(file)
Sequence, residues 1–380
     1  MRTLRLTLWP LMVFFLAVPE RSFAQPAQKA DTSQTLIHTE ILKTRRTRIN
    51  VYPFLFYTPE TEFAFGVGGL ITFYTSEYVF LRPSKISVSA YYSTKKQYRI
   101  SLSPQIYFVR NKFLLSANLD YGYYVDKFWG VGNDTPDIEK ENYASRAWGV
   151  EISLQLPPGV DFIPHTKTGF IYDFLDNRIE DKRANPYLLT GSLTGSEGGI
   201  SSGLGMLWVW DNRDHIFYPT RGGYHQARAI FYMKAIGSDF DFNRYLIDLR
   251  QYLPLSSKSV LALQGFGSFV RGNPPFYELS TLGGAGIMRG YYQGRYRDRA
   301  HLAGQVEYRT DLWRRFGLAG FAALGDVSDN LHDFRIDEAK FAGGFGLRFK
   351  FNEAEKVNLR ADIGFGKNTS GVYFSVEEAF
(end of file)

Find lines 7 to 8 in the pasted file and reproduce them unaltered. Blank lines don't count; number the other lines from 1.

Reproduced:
   251  QYLPLSSKSV LALQGFGSFV RGNPPFYELS TLGGAGIMRG YYQGRYRDRA
   301  HLAGQVEYRT DLWRRFGLAG FAALGDVSDN LHDFRIDEAK FAGGFGLRFK